Art in America’s critics write their way through the best of 2011. We’ve asked leaders in the fine arts to highlight the top shows in their areas of special focus. Matthew S. Witkovsky is the Richard and Ellen Sandor Curator of Photography at the Art Institute of Chicago.
His selections are listed below, in chronological order.
Walead Beshty, Malmö Konsthall, Feb. 19–May 1
The immense and splendidly installed show surveyed the work of an exceptionally inventive and articulate artist. (To appreciate the capaciousness of the installation, check out Beshty’s homemade YouTube tour, complete with cameo by the artist as he passes by one of his reflective works) In addition to his glass “FedEx cubes” (2005–) and the large curled and folded photograms (2006–) that are his best known works to date stateside, Beshty showed heavy tabletop panels and cubes made of copper that accumulate fingerprints as they are variously handled, abstract sculptures molded from shredded photographic paper, and a recent book project.
Aleksandr Deineka, Palazzo delle esposizioni, Rome, Feb. 19–May 1
This was the first significant retrospective for one of the strongest painters of Socialist Realism in the Soviet Union. Deineka established his essential themes by the early 1920s-that is to say before Stalin’s ascent: stalwart laborers, triumphal and sexless youths, matronly beauties poised between the classical and the clinical. His ability to simplify color and monumentalize the human form without depriving his subjects of psychological depth is on par with the greatest painter-illustrators, from Daumier to Ben Shahn-and has given Neo Rauch much to think about.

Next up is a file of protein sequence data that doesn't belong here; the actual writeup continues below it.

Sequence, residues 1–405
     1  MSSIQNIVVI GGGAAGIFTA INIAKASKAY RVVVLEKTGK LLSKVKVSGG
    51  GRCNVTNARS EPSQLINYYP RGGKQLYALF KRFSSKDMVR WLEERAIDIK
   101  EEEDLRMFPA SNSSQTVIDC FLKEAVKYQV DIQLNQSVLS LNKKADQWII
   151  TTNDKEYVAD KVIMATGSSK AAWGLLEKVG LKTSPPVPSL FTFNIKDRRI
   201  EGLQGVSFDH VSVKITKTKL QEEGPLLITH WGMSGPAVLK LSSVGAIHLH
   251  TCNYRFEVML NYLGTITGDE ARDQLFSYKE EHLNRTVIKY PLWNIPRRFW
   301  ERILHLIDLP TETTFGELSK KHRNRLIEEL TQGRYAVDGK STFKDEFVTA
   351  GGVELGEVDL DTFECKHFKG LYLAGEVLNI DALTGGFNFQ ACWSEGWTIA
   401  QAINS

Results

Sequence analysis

“Aktionsraum 1,” Museum moderner Kunst, Vienna, Mar. 4–May 29
The Aktionsraum was a short-lived (1969–70) but potent performance laboratory, a garage-like structure in Munich run by a trio of multidisciplinary talents: Eva Madelung, a sometime performer and arts patron; Peter Nemetschek, a photographer who later became a social therapist; and Alfred Gulden, who had a degree in theater studies. The space lasted exactly one year but brought together in prodigious quantity various streams of live events from all over Europe: Vienna Actionists, Arte Povera, Yugoslav Conceptualism, and object-averse artists like Stanley Brouwn and Klaus Rinke. This essentially documentary exhibition on the Munich space succeeded through mimicry of its subject: located in the bunker-like basement of the MUMOK, furnished with vitrines, boxy video monitors and a few prop-relics, and papered with posters and grainy photographs. Best of all, the companion publication was none other than the original edition of a book published in 1971 by the organizers of Aktionsraum, and offered now at the time-warp price of 12 Euros.
“Francis Alÿs: Fabiola,” Haus zum Kirschgarten, Basel, Mar. 12–Aug. 28
Sometimes sequels exceed even the original. After presentations at the Hispanic Society in New York, LACMA and the National Portrait Gallery in London, Alÿs brought his unfinished collection of vernacular paintings of the Roman saint Fabiola to the sumptuous Haus zum Kirschgarten, courtesy of the Schaulager. The setting of a house-turned-museum, particularly one that embalms the habits and possessions of an upstanding Staatsburger, was ideally suited for Alÿs’s charming and moving venerations, which the artist secreted throughout the museum in addition to or in place of its usual displays. Naturally, in one room visitors encountered a pair of Fabiolas hung in the spot reserved for pendant portraits of the house’s original owner and his wife-a substitution freighted with thought-provoking resonances.
“After the Gold Rush,” Metropolitan Museum of Art, Mar. 22–Jan. 2
Collection shows of photography at the Met are not to be missed. With only the museum’s modestly sized galleries and relying solely upon its permanent collection, the photography department consistently comes up with original themes and, more importantly, original picks. “After the Gold Rush” continues the refreshing habit in the Met’s contemporary exhibitions of mixing canonical (Jeff Wall) and cultish (Gretchen Bender, Christopher Williams), and showing an openness to ostensibly incompatible photographic approaches (An-My Lê, Wolfgang Tillmans, Hans Haacke, Moyra Davey, and Laurie Simmons).
“A Hard, Merciless Light. Worker Photography,” Reina Sofía, Madrid. Apr. 6–Aug. 22